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Tom Cable talks NFL Draft, the Seahawks' O-Line

"At the end of the day, if we're going to win a Championship, it's going to come our way by pounding people. We'll always run the football."


Tom Cable was on Sports Radio KJR with Ian Furness and Jason Puckett yesterday and had a few interesting little tidbits to share. Cool intro, Danny. Let's get into it.

When Cable was asked if waiting until the 7th round was a commentary on how he feels about the players he already has on his line, Cable responded:

"Well, yes. We had some guys targeted that blew up into the first round, and we had thought we could - that they'd be there - in the 2nd or 3rd. And, obviously, as everyone is aware of, this was a very abnormal year. People got nervous, so they over drafted the offensive line."

So - who is Cable referring to? Luke Jeockel, Eric Fisher, Chance Warmack, Lane Johnson, Jonathan Cooper and D.J. Fluker were all projected first rounders - but Travis Frederick, Kyle Long and Justin Pugh went in the first as well, with Menelik Watson going off the board early in the 2nd. My guess is that Seattle had Long, Watson and Pugh graded in that 2nd/3rd round area and would have perhaps taken a shot on any of them if they were around at that point. No such luck, obviously. So Seattle sat on their hands until the 7th round when it came to offensive linemen.

Per Cable:

"I like who I have (on the offensive line) and who's on our team right now, so it wasn't important to say, well, 'John, Pete, we gotta do this!" We don't have to do that. What we need to do is bring guys in here and develop and make the depth of our team better."

'Develop and make our team better.' That's the key here - Ryan Seymour and Michael Bowie in particular strike me as guys that can come in immediately and make the roster, providing some developmental depth as the 9th and 10th guys at that position. Jared Smith seems like more of a practice squad type project - stash him for a year and develop his skills and athleticism and hope you've found a guy that's a quality backup at best. That's how it works. The developmental depth factor is something you have to consider, as 7th round picks aren't typically expected to come in and even make the roster necessarily, but certainly not make the starting lineup. It's fun to think these guys will come in and be Pro Bowl types in a year or two, but the odds are way, way against that. I'm hoping for them to become quality depth, and then work from there.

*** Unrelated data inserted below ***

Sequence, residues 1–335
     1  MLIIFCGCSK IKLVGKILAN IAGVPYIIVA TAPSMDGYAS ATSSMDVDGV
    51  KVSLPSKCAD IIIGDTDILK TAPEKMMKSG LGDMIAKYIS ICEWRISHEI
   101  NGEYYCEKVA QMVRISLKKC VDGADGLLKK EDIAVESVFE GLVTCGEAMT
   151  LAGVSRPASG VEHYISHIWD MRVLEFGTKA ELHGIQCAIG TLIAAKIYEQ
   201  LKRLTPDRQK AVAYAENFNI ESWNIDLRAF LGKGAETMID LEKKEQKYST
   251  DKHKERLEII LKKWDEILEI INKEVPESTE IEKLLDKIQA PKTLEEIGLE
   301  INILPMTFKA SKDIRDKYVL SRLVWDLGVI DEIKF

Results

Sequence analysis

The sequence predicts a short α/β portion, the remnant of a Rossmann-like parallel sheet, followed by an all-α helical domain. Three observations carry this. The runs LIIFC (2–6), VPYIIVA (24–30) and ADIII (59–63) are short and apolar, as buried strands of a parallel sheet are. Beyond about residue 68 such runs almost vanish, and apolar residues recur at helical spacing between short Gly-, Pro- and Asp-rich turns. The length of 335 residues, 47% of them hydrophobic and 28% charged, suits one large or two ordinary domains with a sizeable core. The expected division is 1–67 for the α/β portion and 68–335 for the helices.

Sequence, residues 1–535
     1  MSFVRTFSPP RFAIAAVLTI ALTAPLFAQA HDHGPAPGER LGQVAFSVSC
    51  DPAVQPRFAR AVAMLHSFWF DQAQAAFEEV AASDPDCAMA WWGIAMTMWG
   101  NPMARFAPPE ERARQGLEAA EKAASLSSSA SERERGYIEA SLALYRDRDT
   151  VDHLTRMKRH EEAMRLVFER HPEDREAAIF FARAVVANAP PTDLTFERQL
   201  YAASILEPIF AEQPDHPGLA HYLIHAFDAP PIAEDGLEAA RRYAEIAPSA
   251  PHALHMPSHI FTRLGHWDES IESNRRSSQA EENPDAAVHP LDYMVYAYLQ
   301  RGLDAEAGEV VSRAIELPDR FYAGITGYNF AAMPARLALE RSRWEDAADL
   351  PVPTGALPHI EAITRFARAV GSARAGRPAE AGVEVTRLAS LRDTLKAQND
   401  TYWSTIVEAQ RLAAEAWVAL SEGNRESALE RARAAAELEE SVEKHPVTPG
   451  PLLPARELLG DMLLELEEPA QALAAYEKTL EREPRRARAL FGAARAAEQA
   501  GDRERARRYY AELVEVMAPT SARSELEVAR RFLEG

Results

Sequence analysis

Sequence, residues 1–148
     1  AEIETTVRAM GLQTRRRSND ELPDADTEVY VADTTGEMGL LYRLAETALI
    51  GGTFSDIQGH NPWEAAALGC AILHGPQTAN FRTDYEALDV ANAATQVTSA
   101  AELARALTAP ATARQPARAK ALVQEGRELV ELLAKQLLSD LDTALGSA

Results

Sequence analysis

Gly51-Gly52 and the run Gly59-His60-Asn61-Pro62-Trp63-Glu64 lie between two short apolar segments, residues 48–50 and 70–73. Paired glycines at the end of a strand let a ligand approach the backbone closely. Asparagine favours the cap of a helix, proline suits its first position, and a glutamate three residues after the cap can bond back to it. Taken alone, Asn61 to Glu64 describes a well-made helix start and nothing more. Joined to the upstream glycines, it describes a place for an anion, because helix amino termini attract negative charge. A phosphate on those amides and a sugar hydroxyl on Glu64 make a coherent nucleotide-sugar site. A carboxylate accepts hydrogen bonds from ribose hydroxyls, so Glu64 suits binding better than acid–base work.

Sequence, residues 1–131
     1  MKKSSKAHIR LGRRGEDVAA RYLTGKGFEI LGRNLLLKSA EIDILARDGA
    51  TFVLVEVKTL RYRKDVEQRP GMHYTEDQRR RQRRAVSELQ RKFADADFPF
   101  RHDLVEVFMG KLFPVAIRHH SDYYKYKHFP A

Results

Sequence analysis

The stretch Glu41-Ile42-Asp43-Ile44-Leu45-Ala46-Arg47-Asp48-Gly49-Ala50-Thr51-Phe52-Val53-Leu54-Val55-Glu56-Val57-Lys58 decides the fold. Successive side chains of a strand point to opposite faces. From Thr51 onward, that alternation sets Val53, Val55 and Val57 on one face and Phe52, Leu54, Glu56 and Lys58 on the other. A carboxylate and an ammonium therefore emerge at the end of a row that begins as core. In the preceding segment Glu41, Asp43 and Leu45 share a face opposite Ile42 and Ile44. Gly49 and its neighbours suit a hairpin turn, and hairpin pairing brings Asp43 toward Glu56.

Cable essentially said this - and when asked about why Seattle spent another pick on a convert type, he put it quite bluntly:

"Well, the fact there weren't enough good offensive linemen to draft - I think that was the issue. You saw all the linemen go early in this draft - and as a draft, it kind of filtered down, round by round. The good players became fewer and fewer and really, we didn't have the advantage in terms of guys still sitting there when it was our pick. So, you know, you do your homework, and you dig, you scrape it up, and you find a guy that fits what you're trying to do, and has the brain to do it, and then you just make the pick and convert him."

There weren't enough good offensive linemen to draft. Haha. Honesty.

On Smith, specifically:

"Yeah, you know first of all, I've done this a couple times before with guys in college, so doing it at this level, there's some experience (for me) at doing it. He answered the question the same way that J.R. did: That is, 'what do you think about moving to offensive line after being a defensive lineman your whole career?' and he said 'I don't care what I do, I just want to play.' And, that's where you start. If they're open to it that way, then you've got a chance. Then, you figure out if he's got a skill set athletically, mentally, and he's certainly a tough kid. So, it's another project, and we'll try it again."

As for Seymour, what did Cable see in the Vanderbilt offensive lineman?:

"The fact that he has played everywhere on the line, and just that he has the ability to be so versatile. He's played both tackles, he's played both guards, he's snapped the football, both under center and in shotgun. I think he's a valuable guy in that he's done so much - now let's see if he can add here (adhere?) to what we do."

With Seattle not adding any major names on the offensive line, Cable essentially noted that there will be a very high-level competition at right guard between John Moffitt and J.R. Sweezy (plus Seymour - and he didn't mention Rishaw Johnson but I think he could be there too), there will be a strong competition at left guard between James Carpenter and Paul McQuistan, and he said that Michael Bowie will compete with Breno Giacomini at right tackle. For what it's worth, I think that Alvin Bailey will be in the mix at both guard and tackle. This is a good, solid unit - and odds are they're going to be having to drop one or two quality players when it's said and done.